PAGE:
The Searchers, directed by John Ford

2. The Searchers Improves 84 Spots to #12
Another head-scratching moment was trying to find John Ford's remarkable western in the first AFI list. It ended up barely making it at #96, which was 63 spots below High Noon. I have nothing against Fred Zinnemann's effective film, but that disparity is pretty shocking. I don't believe that The Searchers is perfect, and the 12th spot might be a bit high. However, it deserves a much better placement than near the bottom. It's not like this is a new movie. It was released way back in 1956! It includes one of John Wayne's best performances as Ethan Edwards because he brings a raw intensity to his standard demeanor. This recognition for such an influential film corrects one of the stranger misses from the 1998 list.

Raging Bull

1. Martin Scorsese's Raging Bull Enters the Top 10 at #4
When I review the top 10 films in the 2007 rankings, one movie stands apart from the rest of the group. It isn't even my favorite Scorsese picture, but Raging Bull is a striking piece of film making. The only other movie in this group that wasn't part of the top 10 in 1998 is Vertigo at #9. Although it's impossible to quantify what makes the "best" film, both of these examples represent a stunning artistic vision. Seeing this film appear right after Citizen Kane, The Godfather, and Casablanca is pretty amazing. I love all of those picks, but they're more conventional in the context of this type of ranking. I'm hoping that a future edition will include more examples that seem cut from a different mold than the expected choices.

I'd love to hear your thoughts about this list. Do you agree that these are positive upgrades? You should also check out past Top 5 Lists if you've missed them.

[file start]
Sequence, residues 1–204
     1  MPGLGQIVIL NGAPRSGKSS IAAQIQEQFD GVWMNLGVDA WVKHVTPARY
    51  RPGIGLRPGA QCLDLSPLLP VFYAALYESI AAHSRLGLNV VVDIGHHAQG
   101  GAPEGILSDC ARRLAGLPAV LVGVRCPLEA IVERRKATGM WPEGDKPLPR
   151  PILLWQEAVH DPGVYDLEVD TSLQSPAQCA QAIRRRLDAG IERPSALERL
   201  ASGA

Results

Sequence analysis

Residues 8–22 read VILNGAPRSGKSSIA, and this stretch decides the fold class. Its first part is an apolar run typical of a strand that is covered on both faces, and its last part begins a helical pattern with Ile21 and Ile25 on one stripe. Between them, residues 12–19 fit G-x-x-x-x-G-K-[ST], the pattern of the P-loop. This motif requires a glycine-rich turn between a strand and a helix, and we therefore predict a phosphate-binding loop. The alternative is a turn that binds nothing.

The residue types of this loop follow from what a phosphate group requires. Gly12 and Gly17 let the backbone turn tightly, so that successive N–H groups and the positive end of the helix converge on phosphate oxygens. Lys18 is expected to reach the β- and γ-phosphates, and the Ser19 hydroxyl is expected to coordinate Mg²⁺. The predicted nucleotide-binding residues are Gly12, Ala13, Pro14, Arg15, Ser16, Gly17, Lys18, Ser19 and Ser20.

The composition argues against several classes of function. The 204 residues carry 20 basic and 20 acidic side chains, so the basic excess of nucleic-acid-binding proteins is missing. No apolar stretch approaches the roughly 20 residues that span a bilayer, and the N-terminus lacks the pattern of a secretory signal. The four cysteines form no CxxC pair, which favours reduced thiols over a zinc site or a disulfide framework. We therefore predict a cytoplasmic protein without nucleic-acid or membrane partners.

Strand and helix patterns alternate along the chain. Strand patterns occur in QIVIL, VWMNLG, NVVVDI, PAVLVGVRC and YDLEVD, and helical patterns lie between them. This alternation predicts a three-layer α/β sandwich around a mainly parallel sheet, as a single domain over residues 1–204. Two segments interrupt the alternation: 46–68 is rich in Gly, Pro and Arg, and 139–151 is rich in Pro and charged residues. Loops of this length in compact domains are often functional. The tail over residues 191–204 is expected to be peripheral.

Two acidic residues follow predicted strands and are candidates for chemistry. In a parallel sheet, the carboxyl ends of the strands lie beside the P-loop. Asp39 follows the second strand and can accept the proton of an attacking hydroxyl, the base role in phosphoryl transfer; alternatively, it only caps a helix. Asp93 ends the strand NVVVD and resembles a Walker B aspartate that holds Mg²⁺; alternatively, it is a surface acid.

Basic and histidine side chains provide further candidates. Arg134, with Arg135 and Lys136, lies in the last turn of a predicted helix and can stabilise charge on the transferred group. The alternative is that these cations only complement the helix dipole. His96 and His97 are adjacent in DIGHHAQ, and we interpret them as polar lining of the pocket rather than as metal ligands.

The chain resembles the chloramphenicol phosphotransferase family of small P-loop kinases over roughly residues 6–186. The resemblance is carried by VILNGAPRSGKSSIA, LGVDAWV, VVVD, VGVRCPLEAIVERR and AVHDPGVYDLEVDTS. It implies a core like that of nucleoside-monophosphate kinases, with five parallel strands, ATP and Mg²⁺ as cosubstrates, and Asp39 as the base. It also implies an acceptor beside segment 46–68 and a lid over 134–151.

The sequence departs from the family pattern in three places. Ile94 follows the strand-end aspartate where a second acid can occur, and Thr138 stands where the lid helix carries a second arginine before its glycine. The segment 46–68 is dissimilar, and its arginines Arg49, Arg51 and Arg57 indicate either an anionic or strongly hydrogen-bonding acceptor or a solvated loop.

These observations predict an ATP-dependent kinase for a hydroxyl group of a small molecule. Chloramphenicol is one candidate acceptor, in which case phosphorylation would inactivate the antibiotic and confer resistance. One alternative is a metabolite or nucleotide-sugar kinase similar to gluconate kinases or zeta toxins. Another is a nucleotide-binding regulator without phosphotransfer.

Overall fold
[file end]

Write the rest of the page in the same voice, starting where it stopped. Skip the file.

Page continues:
10 comments:

  1. It's been ages since I saw Snow White and the Seven Dwarfs, but I have the DVD so I might pop that in one of these days. Nice to see an animated feature quite high on the list, though I think the visuals of Sleeping Beauty is far more spectacular.

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    1. Ruth, I really need to revisit some of the other Disney animated films like Sleeping Beauty. I think the movies after Snow White are sometimes more visually stunning, but that gets the recognition because it was so groundbreaking at the time.

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  2. Great picks, Dan. I'd also mention City Lights (up 65 spots to #11) and the debuts of Sullivan's Travels, Who's Afraid of Virginia Woolf?, Sunrise, and 12 Angry Men. It's also interesting that the The Sound of Music moved up 15 spots to crack the top 40 at #40. I guess it really is still popular.

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    1. Josh, I didn't notice the City Lights move until I was in the middle of writing about The General. I can't believe it was so low at the start! It's also stunning that Sunrise and Sullivan's Travels weren't in the original list. I know they can't fit in everything and it's based on voting from a lot of people, but that's pretty crazy. Thanks!